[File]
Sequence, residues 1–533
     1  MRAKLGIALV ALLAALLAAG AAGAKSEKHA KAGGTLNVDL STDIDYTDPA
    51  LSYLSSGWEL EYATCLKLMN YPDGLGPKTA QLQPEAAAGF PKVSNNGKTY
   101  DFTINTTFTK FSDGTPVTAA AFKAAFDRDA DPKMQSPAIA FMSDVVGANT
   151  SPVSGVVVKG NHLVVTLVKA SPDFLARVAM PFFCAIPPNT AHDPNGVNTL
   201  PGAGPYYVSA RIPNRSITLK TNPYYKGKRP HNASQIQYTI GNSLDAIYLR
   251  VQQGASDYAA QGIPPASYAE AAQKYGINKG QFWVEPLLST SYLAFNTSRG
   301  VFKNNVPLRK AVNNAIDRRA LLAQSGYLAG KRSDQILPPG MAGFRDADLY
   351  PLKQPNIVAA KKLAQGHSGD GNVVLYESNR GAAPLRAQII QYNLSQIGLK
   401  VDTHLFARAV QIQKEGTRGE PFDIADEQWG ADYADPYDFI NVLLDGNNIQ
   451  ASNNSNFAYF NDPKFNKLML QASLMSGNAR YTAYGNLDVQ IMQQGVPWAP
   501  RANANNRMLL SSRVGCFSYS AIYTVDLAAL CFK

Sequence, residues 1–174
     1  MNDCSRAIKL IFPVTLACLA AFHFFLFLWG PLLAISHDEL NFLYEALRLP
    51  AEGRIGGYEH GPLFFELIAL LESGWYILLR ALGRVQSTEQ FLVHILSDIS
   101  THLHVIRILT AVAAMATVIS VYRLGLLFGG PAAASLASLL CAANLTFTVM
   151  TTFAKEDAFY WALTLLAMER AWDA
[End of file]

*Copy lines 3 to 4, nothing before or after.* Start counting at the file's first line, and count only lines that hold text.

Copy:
    51  LSYLSSGWEL EYATCLKLMN YPDGLGPKTA QLQPEAAAGF PKVSNNGKTY
   101  DFTINTTFTK FSDGTPVTAA AFKAAFDRDA DPKMQSPAIA FMSDVVGANT